Archive for the ‘Puglia’ Category

Caprese!

Insalata Caprese is one of my absolute favorite summer meals. Fresh mozzarella from Zingerman’s Creamery, a ripe slicing tomato from the farmer’s market, basil from my garden, sprinkled with sea salt and freshly ground pepper, and drizzled with an extra virgin olive oil from Puglia and a concentrated vinegar must from Marsala, Sicily. Eaten on our back deck to the sounds of the goldfinches. One of the joys of this season!

Insalata Caprese

Puglian extra virgin olive oil and Paesano bread

It was time to try a wonderful artisanal Puglian olive oil called Piana degli Ulivi – made by a family in Puglia for over 200 years. I had never had it. So I picked up a bottle from Zingerman’s Mail Order (lovely bottles with round stoppers), and a loaf of fresh Paesano bread (a traditional bread of Puglia) from Zingerman’s Bakehouse. And some excellent salami and cheese just to round things out. So we had a simple but perfect mini-feast on our back deck. The oil was flavorful, grassy and buttery too, with a pepper-in-the-back-of-the-throat finish. Very good stuff. And the Paesano bread is always fabulous – we tore chunks of it off the loaf, dunked it in the olive oil, and devoured it. A perfect match. We didn’t need anything else for dinner that night!

Paesano bread, perfect for tearing and dipping.

Piana degli Ulivi, extra virgin olive oil

Taralli

Taralli look at first glance like some mighty large cheerios, but no. They are much better! They are a traditional snack food from Puglia, and a wonderful accompaniment to wine. I tried them for the first time recently, thanks to a friend who had brought a bag to the U.S. from Sicily. (I know they are available in the U.S. now too.) They were hard to describe exactly – light and crunchy but not too crunchy, and slightly moist, not too dry – almost flaky inside, they dissolved on my tongue with great flavors of sea salt, bread, olive oil, and something else. And when I read the ingredients, that was all there was – wheat flour, extra virgin olive oil, sea salt, and the “something else” was white wine. These are addictive.

Taralli

Puglian Wolverines?

I live in Ann Arbor, Michigan, home of The University of Michigan, whose mascot is the wolverine. So, that particular mammal is mentioned quite a bit around town – the hundreds of UM sports teams are avidly followed here – American football being the most popular.

It’s a bit ironic, that although the state of Michigan does have moose (I’ve met Michigan moose – they are large, kind of like horses on stilts), bobcat, coyote, wolves, and apparently cougar (happily I’ve not met one of those), among many other animals, the wolverine has long been extinct in Michigan.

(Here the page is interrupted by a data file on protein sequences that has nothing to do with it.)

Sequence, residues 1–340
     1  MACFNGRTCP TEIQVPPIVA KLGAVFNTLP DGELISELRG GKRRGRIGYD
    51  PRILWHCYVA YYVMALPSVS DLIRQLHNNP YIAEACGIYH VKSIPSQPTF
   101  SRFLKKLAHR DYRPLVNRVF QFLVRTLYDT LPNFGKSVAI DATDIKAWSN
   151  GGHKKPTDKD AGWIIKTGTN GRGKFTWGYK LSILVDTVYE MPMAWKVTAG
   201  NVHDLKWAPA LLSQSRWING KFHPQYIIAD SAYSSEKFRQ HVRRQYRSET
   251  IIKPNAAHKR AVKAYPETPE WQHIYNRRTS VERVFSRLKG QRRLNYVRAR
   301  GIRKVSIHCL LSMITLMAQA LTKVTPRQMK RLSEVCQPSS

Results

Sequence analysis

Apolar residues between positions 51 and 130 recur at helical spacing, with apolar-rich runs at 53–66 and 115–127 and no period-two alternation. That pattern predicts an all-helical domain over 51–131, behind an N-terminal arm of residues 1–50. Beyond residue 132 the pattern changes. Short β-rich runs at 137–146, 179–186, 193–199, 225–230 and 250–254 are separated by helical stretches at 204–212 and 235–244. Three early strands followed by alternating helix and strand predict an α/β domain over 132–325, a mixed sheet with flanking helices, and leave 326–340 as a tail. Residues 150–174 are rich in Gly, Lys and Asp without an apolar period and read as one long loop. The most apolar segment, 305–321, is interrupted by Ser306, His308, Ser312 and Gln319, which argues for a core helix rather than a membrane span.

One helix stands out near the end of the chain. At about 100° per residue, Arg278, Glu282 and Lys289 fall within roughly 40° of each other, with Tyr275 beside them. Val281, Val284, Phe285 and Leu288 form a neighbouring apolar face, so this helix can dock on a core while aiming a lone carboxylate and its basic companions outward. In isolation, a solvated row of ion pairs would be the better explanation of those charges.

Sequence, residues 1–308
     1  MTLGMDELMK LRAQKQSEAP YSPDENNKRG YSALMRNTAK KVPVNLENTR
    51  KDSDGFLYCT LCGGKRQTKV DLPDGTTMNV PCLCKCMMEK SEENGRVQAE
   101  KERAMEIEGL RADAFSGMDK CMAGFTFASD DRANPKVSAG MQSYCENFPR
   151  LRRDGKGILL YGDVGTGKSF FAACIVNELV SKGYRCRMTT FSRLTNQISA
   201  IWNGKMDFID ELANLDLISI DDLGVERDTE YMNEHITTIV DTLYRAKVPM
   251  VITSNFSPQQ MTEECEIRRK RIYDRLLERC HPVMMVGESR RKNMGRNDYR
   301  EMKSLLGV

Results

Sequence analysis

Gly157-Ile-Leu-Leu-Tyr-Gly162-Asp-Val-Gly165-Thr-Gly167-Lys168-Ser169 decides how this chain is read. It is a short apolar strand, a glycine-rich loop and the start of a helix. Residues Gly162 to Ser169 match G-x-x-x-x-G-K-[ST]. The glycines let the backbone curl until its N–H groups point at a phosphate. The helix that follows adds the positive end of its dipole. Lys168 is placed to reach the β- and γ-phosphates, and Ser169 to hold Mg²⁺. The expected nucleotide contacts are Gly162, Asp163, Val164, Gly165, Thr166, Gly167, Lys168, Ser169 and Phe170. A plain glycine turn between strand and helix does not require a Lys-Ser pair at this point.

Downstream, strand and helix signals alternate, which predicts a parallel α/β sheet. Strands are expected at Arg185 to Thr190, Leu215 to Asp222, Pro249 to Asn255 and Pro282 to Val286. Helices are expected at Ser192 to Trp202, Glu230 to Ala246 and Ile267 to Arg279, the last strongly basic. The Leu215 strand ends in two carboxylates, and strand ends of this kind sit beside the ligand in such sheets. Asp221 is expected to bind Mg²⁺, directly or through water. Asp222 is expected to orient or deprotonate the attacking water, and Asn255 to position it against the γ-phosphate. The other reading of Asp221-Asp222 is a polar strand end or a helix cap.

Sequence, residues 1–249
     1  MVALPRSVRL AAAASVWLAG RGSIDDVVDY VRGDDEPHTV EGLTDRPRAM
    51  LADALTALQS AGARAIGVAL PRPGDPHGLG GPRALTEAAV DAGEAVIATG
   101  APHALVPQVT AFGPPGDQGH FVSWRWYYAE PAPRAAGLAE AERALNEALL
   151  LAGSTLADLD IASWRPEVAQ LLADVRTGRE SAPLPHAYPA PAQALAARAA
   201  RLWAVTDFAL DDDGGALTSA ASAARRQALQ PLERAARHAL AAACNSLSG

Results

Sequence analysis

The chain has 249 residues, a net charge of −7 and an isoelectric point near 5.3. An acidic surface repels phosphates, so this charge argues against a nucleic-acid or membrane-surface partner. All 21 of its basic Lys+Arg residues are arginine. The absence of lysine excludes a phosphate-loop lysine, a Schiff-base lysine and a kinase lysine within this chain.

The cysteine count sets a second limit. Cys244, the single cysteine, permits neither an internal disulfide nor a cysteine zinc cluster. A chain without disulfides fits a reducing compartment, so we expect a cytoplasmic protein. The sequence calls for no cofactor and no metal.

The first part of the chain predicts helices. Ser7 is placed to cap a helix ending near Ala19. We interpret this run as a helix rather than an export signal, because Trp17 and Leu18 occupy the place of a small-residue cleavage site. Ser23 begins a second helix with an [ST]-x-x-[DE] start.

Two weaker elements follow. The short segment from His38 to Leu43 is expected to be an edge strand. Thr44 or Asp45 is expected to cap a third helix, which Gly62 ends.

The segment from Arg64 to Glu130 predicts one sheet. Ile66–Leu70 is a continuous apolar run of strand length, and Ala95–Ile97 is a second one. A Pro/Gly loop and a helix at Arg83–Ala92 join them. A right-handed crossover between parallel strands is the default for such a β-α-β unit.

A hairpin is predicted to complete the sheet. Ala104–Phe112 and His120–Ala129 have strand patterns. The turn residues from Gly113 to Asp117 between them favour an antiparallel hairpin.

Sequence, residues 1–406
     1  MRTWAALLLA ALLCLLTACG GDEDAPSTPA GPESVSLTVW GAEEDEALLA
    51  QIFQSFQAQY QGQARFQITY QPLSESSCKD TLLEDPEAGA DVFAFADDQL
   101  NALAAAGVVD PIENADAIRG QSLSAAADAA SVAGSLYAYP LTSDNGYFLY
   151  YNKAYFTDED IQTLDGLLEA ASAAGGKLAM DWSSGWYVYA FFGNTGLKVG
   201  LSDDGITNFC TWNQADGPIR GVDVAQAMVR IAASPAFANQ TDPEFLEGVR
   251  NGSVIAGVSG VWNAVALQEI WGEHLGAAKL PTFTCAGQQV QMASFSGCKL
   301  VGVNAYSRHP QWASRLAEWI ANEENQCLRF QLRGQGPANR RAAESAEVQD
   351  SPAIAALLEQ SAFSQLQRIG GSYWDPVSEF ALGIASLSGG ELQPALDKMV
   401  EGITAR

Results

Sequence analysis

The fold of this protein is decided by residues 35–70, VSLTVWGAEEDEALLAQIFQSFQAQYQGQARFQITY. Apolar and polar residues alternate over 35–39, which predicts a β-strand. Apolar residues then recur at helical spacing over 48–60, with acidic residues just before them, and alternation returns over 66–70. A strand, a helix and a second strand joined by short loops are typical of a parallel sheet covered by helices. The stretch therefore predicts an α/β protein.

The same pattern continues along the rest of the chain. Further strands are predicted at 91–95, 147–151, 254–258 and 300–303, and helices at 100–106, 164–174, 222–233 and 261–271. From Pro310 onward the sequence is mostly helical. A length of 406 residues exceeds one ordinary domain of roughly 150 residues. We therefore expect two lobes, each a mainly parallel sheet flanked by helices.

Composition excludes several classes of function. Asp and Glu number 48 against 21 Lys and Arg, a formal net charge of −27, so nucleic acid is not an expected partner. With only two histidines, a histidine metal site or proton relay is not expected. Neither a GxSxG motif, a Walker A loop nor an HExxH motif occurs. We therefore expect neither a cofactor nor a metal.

So what do wolverines have to do with Puglia? I wasn’t worrying about the absence of the Michigan wolverine, but I’ve been reading up on Puglia. The latest book I read, called “Venturing in Italy: Travels in Puglia, Land between Two Seas”, is a collection of essays by a group of writers who traveled to Puglia in 2008. Joanna Biggar, one of the contributors, writes about her visit to the large, wild, national park in Puglia, called the Gargano. It is one of the few areas of Puglia that still has dense, original forest – the Romans deforested much of Puglia thousands of years ago, and so created some of the large agricultural areas in Puglia that have remained ever since, but they did not touch the Gargano. Joanna lists some of the flora and fauna in the Gargano, including, wolverines!

Our trip to Puglia will be to areas south of the Gargano, but still, it’s fun to know that when I travel in Puglia I’ll be visiting a region that managed, unlike Michigan, to hang on to its wolverines.

-Jillian

Puglia in the latest issue of Bon Appetit

The May 2010 issue of Bon Appetit has a lovely article on Puglia, focusing on how the exellent local cuisine evolved, and how the people turned “scarcity into a strength.” As they put it, Puglia has a “culinary tradition that is the envy of nations.”

This southern and historically poor area of Italy did not have many of the food staples their neighbors to the north had – such as soft cow cheeses, eggs, salamis, cream. But they had abundant seafood, fresh fruits, vegetables and legumes from their gardens, olive oils they pressed themselves, goat’s milk cheeses, and the breads and pastas they made from their hard wheat. (The pasta shape that Puglia is famous for is called Orecchiette, aptly shaped like a little ear.) And they have created a cuisine that is getting international attention.

And of course, there’s their vineyards and wines, which are also becoming known, as the growers there start to bottle their own specialty vintages rather than selling their grapes to larger wine producers in the north.

Go Puglia! Am looking forward to May 2011.

-Jillian